Ulcerative Colitis Study Aims to Restore a Healthy Balance in Gut Bacteria

Ulcerative Colitis Study Aims to Restore a Healthy Balance in Gut Bacteria

Seres Therapeutics, Inc., a company focused on the development of drugs targeting the unhealthy microbiome for the treatment of inflammatory, metabolic and infectious diseases, recently announced the initiation of a Phase 1b clinical trial to evaluate the efficacy, safety, and tolerability of the company’s therapeutic candidate SER-287 for the treatment of mild-to-moderate ulcerative colitis.

SER-287, developed and manufactured as an oral capsule, is the first candidate from Seres Therapeutics’s platform to reach clinical development stage, after preclinical data from studies with multiple animal models of ulcerative colitis showed that the drug can reduce the disease’s pathology. SER-287 is one of Seres’ Ecobiotic® drugs, the result of the company’s proprietary microbiome therapeutics platform. The platform consists of combinations of selected microbes that target the restoration of a healthy microbiome in individuals with an unhealthy microbiota balance, which can lead to diseases such as inflammatory bowel disease (IBD), including ulcerative colitis.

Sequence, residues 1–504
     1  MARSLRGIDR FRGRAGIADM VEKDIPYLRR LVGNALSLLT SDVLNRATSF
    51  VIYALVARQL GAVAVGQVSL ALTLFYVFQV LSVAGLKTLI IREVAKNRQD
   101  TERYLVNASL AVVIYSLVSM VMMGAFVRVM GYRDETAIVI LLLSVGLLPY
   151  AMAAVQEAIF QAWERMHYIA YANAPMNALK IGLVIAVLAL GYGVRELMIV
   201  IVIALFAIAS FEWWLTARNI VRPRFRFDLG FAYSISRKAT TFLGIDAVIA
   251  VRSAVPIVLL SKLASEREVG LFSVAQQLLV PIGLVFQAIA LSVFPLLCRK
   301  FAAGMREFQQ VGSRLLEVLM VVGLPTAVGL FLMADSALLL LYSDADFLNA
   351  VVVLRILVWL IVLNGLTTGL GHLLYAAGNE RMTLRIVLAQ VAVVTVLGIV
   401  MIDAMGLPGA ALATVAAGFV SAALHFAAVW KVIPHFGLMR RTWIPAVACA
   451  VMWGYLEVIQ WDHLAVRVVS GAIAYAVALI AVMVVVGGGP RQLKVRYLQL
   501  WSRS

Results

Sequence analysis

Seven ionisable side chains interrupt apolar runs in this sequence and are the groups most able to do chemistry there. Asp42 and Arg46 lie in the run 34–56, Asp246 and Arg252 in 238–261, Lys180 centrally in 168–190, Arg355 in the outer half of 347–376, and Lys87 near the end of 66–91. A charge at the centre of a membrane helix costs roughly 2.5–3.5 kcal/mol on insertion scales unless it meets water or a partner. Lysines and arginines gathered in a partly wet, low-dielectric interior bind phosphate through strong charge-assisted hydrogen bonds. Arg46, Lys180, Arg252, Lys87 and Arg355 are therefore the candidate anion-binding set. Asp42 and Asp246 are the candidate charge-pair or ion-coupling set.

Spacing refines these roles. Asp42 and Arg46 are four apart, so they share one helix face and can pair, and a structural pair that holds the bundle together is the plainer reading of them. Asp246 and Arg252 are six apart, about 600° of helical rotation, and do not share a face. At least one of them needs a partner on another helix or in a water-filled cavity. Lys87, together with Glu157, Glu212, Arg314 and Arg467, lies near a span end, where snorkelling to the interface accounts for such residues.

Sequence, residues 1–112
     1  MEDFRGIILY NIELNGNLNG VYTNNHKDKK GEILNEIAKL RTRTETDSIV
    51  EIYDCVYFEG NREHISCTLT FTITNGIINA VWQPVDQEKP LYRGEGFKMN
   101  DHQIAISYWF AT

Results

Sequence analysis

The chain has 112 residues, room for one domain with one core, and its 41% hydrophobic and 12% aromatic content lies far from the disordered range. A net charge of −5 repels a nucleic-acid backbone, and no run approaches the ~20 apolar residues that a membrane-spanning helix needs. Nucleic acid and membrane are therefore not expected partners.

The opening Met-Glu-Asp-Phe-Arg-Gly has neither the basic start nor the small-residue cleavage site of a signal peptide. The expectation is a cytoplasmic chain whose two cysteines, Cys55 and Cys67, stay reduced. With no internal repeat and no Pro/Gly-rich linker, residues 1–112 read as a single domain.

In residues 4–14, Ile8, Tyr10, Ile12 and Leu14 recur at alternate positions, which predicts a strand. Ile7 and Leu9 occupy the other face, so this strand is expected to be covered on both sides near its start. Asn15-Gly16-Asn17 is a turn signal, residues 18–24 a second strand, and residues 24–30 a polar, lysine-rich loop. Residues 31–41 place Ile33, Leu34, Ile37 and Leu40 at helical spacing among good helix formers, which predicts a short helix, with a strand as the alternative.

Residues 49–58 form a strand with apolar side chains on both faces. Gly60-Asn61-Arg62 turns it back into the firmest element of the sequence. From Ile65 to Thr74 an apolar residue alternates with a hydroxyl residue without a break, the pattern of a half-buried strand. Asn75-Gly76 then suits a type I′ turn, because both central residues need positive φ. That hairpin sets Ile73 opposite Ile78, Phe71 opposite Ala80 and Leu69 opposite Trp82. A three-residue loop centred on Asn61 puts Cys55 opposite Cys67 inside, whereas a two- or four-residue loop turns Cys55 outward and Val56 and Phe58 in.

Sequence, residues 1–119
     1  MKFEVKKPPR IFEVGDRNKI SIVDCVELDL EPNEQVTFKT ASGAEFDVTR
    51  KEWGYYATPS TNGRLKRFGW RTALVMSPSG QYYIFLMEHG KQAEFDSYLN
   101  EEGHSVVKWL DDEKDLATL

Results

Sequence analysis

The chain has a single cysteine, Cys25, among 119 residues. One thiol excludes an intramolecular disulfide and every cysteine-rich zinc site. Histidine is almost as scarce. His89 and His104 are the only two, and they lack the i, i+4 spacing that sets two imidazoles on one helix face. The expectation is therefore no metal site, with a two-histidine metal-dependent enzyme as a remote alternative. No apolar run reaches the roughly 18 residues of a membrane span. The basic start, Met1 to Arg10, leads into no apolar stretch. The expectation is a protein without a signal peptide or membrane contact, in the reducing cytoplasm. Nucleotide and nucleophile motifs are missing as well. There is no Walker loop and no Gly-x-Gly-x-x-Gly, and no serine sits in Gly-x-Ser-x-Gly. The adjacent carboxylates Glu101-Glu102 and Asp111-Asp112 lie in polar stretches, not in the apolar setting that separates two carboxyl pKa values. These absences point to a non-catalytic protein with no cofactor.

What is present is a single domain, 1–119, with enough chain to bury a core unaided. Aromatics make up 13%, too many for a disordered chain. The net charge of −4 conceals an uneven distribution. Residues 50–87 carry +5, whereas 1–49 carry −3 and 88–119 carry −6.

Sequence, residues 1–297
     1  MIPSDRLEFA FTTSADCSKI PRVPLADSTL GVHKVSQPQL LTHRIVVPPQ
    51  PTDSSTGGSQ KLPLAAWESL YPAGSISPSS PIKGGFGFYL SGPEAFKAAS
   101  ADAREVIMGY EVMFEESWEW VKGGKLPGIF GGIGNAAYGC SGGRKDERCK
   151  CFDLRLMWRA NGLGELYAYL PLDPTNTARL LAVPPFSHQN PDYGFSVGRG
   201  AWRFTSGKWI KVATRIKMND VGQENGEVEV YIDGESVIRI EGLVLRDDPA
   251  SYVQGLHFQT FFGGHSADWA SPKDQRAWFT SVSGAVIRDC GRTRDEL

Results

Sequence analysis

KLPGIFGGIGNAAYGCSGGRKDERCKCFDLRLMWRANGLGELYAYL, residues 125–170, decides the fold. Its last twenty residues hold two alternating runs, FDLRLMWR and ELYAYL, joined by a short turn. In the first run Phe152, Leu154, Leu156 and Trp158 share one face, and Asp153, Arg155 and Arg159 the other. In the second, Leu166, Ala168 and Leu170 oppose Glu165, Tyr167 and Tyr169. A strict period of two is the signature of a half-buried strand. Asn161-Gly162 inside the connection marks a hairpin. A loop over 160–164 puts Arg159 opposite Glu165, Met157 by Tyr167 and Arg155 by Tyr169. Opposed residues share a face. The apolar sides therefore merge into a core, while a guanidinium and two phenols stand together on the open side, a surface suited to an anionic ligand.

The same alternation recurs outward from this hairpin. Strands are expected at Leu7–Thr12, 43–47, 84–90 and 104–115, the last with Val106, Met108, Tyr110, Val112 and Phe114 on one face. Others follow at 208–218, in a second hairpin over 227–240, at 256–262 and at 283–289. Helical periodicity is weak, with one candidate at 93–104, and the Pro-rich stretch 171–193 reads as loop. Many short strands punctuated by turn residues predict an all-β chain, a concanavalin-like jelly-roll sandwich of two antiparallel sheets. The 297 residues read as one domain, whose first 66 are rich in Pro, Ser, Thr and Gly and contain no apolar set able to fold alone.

The phase 1b multicenter, placebo-controlled clinical trial (NCT02618187) is now open and enrolling participants. The trial is expected to recruit up to 55 patients in the United States with active mild-to-moderate ulcerative colitis who have not improved after treatment with currently available therapies. SER-287 has received an investigational new drug (IND) designation by the U.S Food and Drug Administration (FDA), and the study’s primary endpoints will be the safety and tolerability of the drug, changes in the composition of the subjects’ microbiome, and the growth of healthy bacteria cells in intestinal mucosal surfaces.

Dr. Roger Pomerantz, chief executive officer and chairman of Seres Therapeutics, said in a press release, “We are pleased to initiate this trial and advance our second microbiome therapeutic candidate into the clinic. The development of SER-287 is supported by a growing body of evidence suggesting that UC [ulcerative colitis] is marked by an imbalance of bacteria (dysbiosis) in the gut, and that treating that dysbiosis may lead to a meaningful clinical impact. SER-287 potentially represents a novel and unique method to treat UC, and we are excited to evaluate how SER-287 could be a significant development for patients in need of more effective, non-immunosuppressive treatments for this very difficult condition.”

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